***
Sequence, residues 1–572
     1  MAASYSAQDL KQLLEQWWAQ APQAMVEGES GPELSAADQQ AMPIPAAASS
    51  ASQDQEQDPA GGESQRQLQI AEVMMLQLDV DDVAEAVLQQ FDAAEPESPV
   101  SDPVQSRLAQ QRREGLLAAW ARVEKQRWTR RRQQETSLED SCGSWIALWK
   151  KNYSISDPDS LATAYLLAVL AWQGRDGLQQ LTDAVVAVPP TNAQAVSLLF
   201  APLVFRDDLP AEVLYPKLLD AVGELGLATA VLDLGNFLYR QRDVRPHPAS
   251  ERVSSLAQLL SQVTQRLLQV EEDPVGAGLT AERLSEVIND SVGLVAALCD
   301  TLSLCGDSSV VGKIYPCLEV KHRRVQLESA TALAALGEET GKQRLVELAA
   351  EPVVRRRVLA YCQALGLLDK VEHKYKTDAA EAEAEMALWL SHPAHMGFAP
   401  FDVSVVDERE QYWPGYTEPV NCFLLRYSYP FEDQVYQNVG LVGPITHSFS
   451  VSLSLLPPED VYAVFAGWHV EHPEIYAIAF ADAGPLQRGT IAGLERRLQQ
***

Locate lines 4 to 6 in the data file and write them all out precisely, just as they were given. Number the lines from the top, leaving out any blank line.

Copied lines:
   101  SDPVQSRLAQ QRREGLLAAW ARVEKQRWTR RRQQETSLED SCGSWIALWK
   151  KNYSISDPDS LATAYLLAVL AWQGRDGLQQ LTDAVVAVPP TNAQAVSLLF
   201  APLVFRDDLP AEVLYPKLLD AVGELGLATA VLDLGNFLYR QRDVRPHPAS